TASE to launch blue-chip, gas, communication indices

New index would include the 50 leading shares of Israel’s hi-tech industry and eventually replace the Tel Tech-15 Index, TASE CEO says.

ester levanon_311 (photo credit: Moshe Shai)
ester levanon_311
(photo credit: Moshe Shai)
The Tel Aviv Stock Exchange plans to launch new indices next year and encourage analyst coverage of local companies to attract foreign investment, TASE CEO Ester Levanon said Monday at a press conference in Tel Aviv.
“When we started to try and advance the Tel Aviv Stock Exchange as an international center for trade and investment in hi-tech companies, by which I also consider biotech companies, we realized that we needed to kickstart a process to increase the exposure of the market to companies of the sector and initially Israeli ones,” she said.
“Next year we are coming out with new indices on the market,” Levanon said. “The last one launched this year was a biomed index. Next year we are going to introduce a new tech index and are considering other areas as well for equity indices such as gas, oil, communications and insurance.”
She said the new index would include the 50 leading shares of Israel’s hi-tech industry and eventually replace the Tel Tech-15 Index.
Out of 600 companies listed on the TASE this year, 144 are tech companies and 51 are biomedical companies, forming the basis for the exchange to become a hub for tech companies. Out of the 18 new companies joining the exchange this year, 15 were biomed and three were hitech companies. Seven companies left the exchange this year.
“However, the main problem we encountered was that many of these companies were lacking exposure to analyst coverage and exposure to international investors,” Levanon said. “We are in advanced stages to bring an international company to Israel that will start analyst coverage next year, including quarterly research reports of technology and biomed companies that need and want exposure. They [won’t focus on] large Israeli companies such as Teva Pharmaceuticals Industries or Nice Systems that already enjoy broad international analyst coverage.”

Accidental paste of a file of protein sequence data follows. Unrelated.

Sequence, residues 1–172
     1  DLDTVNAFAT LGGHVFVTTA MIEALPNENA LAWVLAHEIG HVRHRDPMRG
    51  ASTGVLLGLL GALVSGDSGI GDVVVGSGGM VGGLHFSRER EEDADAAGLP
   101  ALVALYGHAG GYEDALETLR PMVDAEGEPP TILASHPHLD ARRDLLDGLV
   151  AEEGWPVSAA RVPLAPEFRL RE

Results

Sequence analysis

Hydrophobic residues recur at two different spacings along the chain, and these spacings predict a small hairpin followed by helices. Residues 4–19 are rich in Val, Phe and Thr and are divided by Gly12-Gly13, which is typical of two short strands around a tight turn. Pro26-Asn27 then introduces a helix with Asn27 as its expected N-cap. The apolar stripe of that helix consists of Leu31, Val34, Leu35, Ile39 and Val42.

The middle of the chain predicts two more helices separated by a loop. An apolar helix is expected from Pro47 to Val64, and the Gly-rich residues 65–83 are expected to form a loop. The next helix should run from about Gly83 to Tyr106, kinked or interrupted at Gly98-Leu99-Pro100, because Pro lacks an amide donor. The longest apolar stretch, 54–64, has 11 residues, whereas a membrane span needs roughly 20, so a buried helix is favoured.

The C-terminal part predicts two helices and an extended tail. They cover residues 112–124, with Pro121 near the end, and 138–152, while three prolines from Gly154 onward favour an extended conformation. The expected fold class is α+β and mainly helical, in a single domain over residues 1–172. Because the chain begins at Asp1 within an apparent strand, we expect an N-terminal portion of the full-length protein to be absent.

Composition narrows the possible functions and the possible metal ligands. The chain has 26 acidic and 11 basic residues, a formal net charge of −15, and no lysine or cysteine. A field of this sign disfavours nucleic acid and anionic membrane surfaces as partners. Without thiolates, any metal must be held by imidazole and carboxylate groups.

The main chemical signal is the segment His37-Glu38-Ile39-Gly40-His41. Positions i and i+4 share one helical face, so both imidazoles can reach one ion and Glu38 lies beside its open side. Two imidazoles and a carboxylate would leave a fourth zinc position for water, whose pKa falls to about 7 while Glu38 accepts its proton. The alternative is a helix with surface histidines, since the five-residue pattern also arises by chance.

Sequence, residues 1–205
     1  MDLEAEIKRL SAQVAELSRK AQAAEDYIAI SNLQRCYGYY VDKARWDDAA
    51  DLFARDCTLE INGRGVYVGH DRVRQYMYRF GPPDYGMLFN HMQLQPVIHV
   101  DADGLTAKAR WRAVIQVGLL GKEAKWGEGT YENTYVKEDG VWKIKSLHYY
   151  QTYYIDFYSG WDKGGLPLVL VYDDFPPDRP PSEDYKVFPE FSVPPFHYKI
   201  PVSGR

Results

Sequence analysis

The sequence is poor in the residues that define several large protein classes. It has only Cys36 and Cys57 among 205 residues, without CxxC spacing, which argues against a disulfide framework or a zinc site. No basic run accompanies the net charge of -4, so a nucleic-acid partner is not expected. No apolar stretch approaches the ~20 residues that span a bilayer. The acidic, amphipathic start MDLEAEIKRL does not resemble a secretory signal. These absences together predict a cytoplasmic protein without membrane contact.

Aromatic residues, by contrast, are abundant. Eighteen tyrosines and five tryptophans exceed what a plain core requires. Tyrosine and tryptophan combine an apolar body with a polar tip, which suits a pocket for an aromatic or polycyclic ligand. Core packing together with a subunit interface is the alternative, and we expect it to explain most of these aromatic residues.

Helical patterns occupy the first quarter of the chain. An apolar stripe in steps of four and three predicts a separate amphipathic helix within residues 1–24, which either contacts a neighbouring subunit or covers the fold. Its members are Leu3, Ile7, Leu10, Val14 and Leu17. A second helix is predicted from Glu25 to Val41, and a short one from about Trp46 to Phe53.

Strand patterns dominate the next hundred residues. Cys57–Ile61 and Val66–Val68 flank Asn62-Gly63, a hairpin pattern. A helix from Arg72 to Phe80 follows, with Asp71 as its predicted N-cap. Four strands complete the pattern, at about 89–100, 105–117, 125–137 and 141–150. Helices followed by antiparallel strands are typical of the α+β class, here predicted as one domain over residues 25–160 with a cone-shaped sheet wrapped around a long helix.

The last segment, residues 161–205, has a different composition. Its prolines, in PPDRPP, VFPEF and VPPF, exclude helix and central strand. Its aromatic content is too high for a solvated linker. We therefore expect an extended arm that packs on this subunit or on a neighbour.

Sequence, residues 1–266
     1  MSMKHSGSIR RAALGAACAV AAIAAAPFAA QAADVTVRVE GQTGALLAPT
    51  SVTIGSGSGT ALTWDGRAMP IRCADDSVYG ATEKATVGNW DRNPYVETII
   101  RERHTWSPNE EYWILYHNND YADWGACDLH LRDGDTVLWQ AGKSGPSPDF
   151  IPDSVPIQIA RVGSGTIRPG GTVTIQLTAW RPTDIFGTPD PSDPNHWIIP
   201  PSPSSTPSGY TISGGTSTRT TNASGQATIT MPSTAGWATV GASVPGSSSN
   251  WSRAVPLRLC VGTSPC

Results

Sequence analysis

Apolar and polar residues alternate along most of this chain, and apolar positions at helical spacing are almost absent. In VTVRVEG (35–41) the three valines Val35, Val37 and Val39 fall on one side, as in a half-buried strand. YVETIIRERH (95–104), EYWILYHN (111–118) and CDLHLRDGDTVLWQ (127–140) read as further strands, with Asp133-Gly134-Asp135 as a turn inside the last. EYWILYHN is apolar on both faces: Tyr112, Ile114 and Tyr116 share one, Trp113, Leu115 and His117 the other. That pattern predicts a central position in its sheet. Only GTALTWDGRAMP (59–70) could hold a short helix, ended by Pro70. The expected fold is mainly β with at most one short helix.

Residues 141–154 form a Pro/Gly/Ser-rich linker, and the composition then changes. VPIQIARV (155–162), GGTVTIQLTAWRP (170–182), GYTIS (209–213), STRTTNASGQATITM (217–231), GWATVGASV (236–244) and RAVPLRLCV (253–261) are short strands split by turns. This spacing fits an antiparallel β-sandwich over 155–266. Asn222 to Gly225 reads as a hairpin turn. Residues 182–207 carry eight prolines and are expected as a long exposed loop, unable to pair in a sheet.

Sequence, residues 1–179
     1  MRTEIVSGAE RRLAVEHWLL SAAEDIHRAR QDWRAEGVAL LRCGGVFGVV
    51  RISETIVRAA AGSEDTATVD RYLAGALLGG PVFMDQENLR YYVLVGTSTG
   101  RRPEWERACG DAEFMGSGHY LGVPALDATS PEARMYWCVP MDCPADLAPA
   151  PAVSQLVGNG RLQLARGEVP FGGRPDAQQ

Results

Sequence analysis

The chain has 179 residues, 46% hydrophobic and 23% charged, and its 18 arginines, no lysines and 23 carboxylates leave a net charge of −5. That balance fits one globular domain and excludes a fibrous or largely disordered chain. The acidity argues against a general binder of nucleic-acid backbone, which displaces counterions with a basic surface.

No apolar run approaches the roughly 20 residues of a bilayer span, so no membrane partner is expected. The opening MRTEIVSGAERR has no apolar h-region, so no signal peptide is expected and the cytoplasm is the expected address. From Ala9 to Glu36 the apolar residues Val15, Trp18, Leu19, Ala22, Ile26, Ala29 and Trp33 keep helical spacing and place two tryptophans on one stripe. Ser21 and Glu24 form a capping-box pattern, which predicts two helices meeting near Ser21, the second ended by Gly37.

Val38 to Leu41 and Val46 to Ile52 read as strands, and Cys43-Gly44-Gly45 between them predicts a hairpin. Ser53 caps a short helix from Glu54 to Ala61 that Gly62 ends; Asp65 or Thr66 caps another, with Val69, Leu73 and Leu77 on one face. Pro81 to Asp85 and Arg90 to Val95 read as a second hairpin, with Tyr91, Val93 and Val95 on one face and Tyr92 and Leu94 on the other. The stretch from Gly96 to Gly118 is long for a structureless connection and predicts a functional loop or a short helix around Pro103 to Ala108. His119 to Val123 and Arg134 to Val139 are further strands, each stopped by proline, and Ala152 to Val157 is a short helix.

As part of the project, the exchange will guarantee a minimum income to the international company that is chosen, and companies interested in analyst coverage will pay a “reasonable” price for taking the services, she said.
Analyst coverage will include four company reports a year in Hebrew and English for a period of two years and will be posted on the exchange’s website, Levanon said.
“This will solve the problem of international investors not knowing what Israeli companies are doing,” she said. “First we are targeting the coverage of tech companies, and if it proves successful, we will extend it to companies in other sectors.”
The TASE also plans to introduce options on government bonds in the second quarter of 2011, for which it believes there is a high demand, Levanon said.
The Tel Aviv-25 Index rose some 14.2 percent this year, after surging by 76% in 2009, and surpassed its level on the eve of the financial crash that began in September 2008.
The index was boosted by the large gains of oil-and gas-exploration companies, which contributed one-fourth to the increase. In dollar terms, the TA-25 rose 20.4% this year and outperformed leading indices of developed foreign markets such as the Nasdaq 100 (20.2%) and the S&P 500 (12.9%).
“This year was a special year because it was a relatively normal year, following two years of excessive highs and lows on the exchange,” TASE chairman Saul Bronfeld said at the press conference. “Much of the normalization of the market can be attributed to the continued growth of the local economy in 2010, which was relatively good compared with most of the rest of the world.”